< Previous Page | Next Page>
Thursday morning we got our rental car and headed south towards the Historical Triangle. With only a little bit of driving in circles we managed to find our way out of DC and into Virginia. Then with only a little bit of backtracking we managed to get on the George Washington Memorial Parkway, the "scenic" route to Mt. Vernon. (With no trees in bloom, and a muddy Potomac, it wasn't exactly scenic.) We arrived at Mt. Vernon just in time for a light fitful rain to start its game.
Slave quarters and overseers quarter (easy to guess which is which between bunks and tables with benches versus free-standing bed and personal pantry and ovens):
The greenhouse was heated during the winter by this really cool huge fireplace with flues stretching under the floor of the greenhouse:
The Spinning House, Kitchen (I wonder if those are the same fake carrots as when I came here in 1992), Storehouse, Paint Cellar (?!) and Smokehouse:
In the Stable was an old riding chair (in the back) and a modern recreation. It looks like a rocking chair with the rockers replaced with a frame and two wheels! This particular riding chair belonged to Washington's friend Thomas, Lord Fairfax.
We got pictures of the Mansion on the way in and on the way out. But as we snaked through the inside there wasn't really time to see it all, let alone take pictures with the press of people behind. You can see the line of people to go inside the Servents Hall and Mansion below:
Mike took a couple photos of the view of the Potomac from just outside of the Mansion:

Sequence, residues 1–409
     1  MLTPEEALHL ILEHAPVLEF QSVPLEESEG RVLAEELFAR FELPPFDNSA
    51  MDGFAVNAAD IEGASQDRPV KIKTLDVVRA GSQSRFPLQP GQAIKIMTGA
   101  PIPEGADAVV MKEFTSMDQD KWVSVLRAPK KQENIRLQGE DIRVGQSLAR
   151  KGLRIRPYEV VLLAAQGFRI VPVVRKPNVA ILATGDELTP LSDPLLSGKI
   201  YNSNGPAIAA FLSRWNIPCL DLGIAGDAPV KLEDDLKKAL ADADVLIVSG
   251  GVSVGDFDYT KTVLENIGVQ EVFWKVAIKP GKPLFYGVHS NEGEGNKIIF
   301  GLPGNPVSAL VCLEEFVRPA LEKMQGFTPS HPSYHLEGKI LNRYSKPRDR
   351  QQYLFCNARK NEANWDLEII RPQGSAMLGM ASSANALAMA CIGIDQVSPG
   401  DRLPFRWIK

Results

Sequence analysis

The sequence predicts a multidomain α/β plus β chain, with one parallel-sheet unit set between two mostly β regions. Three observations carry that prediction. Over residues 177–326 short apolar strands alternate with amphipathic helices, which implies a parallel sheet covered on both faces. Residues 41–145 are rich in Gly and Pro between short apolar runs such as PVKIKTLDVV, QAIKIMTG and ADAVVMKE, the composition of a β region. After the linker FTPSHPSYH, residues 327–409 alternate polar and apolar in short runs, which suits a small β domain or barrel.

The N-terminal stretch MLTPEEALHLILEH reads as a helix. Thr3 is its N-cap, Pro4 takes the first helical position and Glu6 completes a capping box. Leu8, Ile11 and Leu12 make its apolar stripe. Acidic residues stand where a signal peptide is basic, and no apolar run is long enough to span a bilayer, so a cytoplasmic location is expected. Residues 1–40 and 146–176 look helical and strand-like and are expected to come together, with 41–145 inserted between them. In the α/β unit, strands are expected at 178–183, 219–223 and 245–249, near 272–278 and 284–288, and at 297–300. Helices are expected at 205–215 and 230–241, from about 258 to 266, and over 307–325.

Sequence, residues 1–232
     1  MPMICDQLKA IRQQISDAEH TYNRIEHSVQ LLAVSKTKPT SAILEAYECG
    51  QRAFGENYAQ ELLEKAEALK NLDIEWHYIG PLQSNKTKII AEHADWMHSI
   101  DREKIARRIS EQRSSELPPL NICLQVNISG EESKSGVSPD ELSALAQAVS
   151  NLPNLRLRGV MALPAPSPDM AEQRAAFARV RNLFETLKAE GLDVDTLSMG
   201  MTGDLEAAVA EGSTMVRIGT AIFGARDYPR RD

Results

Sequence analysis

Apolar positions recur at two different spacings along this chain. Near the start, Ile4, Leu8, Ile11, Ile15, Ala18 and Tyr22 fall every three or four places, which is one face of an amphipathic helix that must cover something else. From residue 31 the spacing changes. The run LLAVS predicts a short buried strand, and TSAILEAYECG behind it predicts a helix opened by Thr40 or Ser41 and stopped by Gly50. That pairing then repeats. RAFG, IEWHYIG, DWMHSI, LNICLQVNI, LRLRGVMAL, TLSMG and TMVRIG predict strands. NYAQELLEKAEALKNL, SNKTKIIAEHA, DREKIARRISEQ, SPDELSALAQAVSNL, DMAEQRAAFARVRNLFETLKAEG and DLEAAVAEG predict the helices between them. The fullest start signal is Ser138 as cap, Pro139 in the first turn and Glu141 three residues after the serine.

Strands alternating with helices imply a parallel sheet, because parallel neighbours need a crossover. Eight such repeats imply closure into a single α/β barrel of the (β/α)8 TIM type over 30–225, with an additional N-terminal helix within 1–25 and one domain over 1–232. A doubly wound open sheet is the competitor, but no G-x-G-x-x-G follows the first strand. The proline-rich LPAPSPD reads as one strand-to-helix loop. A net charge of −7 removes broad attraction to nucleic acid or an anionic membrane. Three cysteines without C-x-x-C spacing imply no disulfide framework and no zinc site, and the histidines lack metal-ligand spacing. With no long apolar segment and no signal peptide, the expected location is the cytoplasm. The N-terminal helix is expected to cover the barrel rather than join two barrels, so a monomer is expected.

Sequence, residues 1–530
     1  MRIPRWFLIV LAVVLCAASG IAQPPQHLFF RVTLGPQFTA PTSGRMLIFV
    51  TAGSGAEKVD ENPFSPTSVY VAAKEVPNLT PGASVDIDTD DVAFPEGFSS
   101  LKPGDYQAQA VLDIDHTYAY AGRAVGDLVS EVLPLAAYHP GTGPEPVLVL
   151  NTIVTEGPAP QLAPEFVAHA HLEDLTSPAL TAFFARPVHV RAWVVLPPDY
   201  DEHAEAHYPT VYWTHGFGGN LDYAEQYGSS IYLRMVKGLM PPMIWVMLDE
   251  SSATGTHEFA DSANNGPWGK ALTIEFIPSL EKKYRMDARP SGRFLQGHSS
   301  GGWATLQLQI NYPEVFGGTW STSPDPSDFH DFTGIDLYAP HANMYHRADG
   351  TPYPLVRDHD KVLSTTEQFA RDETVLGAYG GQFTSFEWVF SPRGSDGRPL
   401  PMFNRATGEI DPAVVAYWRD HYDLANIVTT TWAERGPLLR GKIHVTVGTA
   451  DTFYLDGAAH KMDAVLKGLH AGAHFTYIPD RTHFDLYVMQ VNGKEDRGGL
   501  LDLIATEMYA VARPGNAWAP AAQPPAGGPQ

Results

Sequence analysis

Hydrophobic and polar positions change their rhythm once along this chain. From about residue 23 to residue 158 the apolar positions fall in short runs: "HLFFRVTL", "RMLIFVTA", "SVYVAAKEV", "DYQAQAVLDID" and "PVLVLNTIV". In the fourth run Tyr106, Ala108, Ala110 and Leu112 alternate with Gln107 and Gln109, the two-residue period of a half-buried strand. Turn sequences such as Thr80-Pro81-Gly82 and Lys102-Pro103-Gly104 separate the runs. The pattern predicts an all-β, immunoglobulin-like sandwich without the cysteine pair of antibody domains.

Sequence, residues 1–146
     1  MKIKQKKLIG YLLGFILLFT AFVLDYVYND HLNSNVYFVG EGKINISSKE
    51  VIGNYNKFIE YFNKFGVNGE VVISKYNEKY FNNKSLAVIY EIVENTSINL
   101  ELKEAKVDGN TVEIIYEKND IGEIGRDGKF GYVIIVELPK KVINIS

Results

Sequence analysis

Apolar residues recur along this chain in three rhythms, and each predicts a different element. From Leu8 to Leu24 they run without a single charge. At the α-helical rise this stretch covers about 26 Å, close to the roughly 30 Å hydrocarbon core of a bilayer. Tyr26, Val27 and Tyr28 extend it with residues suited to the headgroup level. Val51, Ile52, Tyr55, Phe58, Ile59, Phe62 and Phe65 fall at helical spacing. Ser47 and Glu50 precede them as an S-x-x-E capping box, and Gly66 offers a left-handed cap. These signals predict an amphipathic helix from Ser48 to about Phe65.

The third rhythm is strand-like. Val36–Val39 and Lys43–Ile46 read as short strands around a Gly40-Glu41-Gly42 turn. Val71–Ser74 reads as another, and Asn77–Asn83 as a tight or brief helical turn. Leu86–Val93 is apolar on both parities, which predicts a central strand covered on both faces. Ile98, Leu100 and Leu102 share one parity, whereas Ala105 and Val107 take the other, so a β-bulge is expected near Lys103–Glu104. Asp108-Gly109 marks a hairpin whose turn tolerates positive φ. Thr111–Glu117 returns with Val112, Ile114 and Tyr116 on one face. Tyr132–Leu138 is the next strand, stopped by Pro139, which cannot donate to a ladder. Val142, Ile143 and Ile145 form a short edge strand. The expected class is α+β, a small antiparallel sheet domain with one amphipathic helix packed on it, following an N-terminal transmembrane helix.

Down the hill a bit is Washington's Tomb. We got there just as the Tribute at the Tomb ceremony was finishing. Also at Mt. Vernon is a replica of the Commander in Chief flag that Washington flew as he led the Continental Army in the Revolutionary War.
On the way out Mike made me stand still long enough to take a picture with the Mansion in the background. I was cold and had done the smart thing of packing my rain jacket and wearing my leather jacket. (Hey, the weather was fine in DC that morning.)
From Mt. Vernon we headed to George Washington's Gristmill, the reconstructed mill and distillery from Washington's estate. The reconstruction was only just completed in 2007, and there were still some liquor law issues being worked out to allow them to sell the whiskey onsite. The tour starts in the gristmill, which is a fully functioning mill (you can actually buy flour ground in the mill).
The photos below show the stream leading to both the gristmill and distillery, the internal water sluice and water wheel in the mill, the gears connecting the water wheel to everything else, the grain hopper that feeds grain to the millstones, and then the flour sifter below the millstones. It's a really cool system that automates the entire process, powered by the water wheel. Mike took some good movies of the milling, but we haven't yet figured out how to effectively post them.
The tour then moved from the gristmill to the distillery, which is also fully functional.
Inside the distillery Mike was really excited to see all the parts of the process. Here you see the malting barrels and pot stills, and a really happy Mike:
The museum above the distillery had a display including historical Mt. Vernon Whiskey bottles and modern day bottles, as well as bits and pieces of original items discovered during the archaelogical exploration of the site. There were also recreations of bedrooms for the master distiller and assistant:
By the time we left Mt. Vernon heading south, we knew that we would not be able get to Jamestown before the end of the day, and only hoped to drive by Yorktown. Then we hit the rush "hour" traffic south from DC. We had not accounted for that! The 2.5 hour drive down to Jamestown/Williamsburg took 4 hours.
When we finally got to Williamsburg we checked into our hotel and then walked to Chowning's Tavern for a late dinner (Wonderful Meal #10) with a backdrop of colonial tavern life and entertainment.
< Previous Page | Next Page>
Photos taken by Mike (except one taken by Maya)